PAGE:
Abu Simbel, Egypt

Of all the places I visited in Egypt on this trip, Abu Simbel was the stand-out highlight. You don’t hear much about Abu Simbel but it is worthy of coming to Egypt itself. The temple complex itself is made up of two separate temples- one for Ramses ii and one for his favorite wife Nefertari (not to be confused with Nefertiti).

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Abu Simbel was build in 1244 BC and eventually the sands covered the magnificent structures. They were rediscovered again in the 1800s.


Both temples were actually moved to their current location in the 1960s after the Aswan High Dam was constructed. Damming the Nile forced water over the original site of Abu Simbel. There is a building with exhibits around the bend from the temples showcasing the removal and rebuild of the temples in both photographs and video. Talk about an engineering feat!


Each of the Ramses II statues stands close to 70 feet tall. I like having at least one person in the photos for scale. Also, every year there is a Sun Festival (this year was February 22nd) where the rising sun hits the statues straight on and gives them a special glow. My tour guide messaged us on this year’s festival to report 3000 people showed up to watch that morning.

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Practically it is not very easy to visit Abu Simbel. The drive from Aswan was at least 3.5 hours through a very windy desert. There are only a few places to stop to use the facilities get a drink so have your 5 Egyptian pound note ready (the cost to use the restroom anywhere no matter if you buy something or not). But most of all, leave early to avoid the heat and crowds!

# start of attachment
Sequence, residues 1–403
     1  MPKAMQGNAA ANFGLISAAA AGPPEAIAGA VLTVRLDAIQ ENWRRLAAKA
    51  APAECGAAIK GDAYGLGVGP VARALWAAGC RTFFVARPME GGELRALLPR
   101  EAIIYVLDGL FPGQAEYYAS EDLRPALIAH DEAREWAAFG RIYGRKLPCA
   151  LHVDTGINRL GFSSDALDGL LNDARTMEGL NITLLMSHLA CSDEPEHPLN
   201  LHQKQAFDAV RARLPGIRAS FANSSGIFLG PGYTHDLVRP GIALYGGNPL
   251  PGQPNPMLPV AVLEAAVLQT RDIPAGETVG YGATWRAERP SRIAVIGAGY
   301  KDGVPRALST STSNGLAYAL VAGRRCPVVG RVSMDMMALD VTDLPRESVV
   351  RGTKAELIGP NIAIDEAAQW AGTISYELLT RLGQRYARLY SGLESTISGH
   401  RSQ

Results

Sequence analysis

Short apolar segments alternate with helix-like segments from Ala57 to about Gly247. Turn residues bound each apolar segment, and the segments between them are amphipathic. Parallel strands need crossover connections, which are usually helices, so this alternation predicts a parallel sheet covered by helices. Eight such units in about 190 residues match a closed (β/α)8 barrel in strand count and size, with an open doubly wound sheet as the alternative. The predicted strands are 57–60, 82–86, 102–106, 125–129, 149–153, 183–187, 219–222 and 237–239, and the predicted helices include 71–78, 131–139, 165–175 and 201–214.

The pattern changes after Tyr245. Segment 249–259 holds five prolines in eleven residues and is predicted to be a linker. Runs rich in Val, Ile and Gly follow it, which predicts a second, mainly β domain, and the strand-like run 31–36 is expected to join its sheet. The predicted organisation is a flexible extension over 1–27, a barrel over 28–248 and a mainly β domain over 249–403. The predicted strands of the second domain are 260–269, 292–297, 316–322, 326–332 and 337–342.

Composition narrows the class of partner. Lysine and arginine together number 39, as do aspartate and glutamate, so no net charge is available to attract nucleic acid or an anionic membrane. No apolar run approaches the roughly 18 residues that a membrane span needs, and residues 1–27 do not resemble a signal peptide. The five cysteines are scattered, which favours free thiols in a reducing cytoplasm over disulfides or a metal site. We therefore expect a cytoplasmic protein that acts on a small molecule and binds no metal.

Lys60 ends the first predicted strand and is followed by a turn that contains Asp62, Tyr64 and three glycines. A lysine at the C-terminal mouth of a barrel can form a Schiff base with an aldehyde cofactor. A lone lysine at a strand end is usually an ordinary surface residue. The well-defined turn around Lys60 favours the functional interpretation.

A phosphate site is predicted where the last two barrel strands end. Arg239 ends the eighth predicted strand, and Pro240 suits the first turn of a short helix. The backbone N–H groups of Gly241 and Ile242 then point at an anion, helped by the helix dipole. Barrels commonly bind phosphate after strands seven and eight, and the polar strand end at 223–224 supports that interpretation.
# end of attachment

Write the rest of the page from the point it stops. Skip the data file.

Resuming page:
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Inside the temples at Abu Simbel are still beautiful and intricate even after 3000 years of being buried in the sand. And best of all it is 20 degrees cooler inside the temples. You can wander for hours reading the stories carved into the walls.


I learned how to find and read some of the main gods and goddesses names in Ancient Egyptian. Mostly I can find Isis, Osiris, and Horus.

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We arrived at 8am which meant we left Aswan before the sun came up just to beat the river cruisers and other tour groups. I’m so glad we did this because when we first arrived it was a pleasant temperature but by the time we left, it was boiling. And it is winter here so I cannot even imagine it in the summer. Our tour guide says people will regularly get heat stroke here in the summer. Fun times.

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Nefertari’s temple has a slightly smaller façade and inside area, it was equally as impressive to me as Ramses II’s temple.


Quite a few tours through Egypt skip Abu Simbel because it is not super-easy to reach. This was my favorite stop of the entire trip so make sure you do make the effort to get here early morning before the crowds and heat descend upon this desert awesomeness.

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Reader Question: Did you study any hieroglyphics or Ancient Egyptian language in school? We did it in 3rd grade and I remembered nothing! Smile

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1 Response

  1. Chaitali says:

    Beautiful! My parents said this was the highlight of their trip to Egypt too. It seems like its stunning in person.

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